What Are Sleep Disorders?
Pediatric sleep disorders alter sleeping habits and change regular sleep patterns. Many sleep disorders can harm physical health and emotional well-being. Children who have a disability or complex medical condition are much more likely to experience sleep problems than typically developing children are.
Sleep disorders can be grouped into three main categories:
Lack of sleep (insomnia)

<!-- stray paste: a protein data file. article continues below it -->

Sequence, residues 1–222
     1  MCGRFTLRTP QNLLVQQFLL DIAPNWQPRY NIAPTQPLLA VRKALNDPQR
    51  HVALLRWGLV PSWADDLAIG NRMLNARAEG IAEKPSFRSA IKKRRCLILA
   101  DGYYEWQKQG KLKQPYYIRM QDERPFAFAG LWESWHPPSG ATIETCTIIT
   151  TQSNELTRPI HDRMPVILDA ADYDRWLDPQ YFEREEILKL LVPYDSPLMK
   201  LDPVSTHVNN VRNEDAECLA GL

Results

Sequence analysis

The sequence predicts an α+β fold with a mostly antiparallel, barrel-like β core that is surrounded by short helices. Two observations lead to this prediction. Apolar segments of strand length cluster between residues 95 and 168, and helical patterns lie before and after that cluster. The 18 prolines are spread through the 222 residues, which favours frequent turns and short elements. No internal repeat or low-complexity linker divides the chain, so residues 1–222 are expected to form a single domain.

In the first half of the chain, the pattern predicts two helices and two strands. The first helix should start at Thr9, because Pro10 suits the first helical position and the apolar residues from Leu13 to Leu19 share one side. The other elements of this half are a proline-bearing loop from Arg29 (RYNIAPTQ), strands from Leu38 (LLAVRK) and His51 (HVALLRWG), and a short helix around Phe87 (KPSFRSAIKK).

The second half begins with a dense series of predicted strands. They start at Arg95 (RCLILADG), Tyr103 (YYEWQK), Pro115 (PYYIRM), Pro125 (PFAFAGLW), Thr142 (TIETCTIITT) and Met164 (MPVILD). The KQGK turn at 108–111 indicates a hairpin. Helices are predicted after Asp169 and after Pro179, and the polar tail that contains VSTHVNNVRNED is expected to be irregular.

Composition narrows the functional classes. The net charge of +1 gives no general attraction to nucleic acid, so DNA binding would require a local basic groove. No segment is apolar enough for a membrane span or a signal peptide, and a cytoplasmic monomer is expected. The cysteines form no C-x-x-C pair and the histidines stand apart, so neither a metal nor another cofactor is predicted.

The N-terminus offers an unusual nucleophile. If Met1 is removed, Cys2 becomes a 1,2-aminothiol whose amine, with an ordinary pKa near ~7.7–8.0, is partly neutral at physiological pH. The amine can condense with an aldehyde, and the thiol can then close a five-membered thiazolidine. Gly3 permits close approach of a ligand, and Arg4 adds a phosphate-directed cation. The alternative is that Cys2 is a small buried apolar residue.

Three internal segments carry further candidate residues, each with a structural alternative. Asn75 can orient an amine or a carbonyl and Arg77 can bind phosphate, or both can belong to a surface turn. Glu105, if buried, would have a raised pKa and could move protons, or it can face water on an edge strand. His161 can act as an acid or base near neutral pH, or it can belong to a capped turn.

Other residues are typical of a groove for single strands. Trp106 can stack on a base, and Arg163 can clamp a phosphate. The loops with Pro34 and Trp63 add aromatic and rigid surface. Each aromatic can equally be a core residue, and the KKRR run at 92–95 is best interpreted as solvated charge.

Excessive sleep (hypersomnia)
Problematic behaviors—such as sleepwalking, snoring or seizures—that occur during sleep (parasomnia)
Up to 30 percent of children and teens may have sleep disorders at some point. For children and teens who have disabilities and complex medical conditions, however, the rate might be even higher. For example, studies indicate that 50 percent of children who have cerebral palsy also have a diagnosable sleep disorder and half of children who have craniofacial conditions also have obstructive sleep apnea.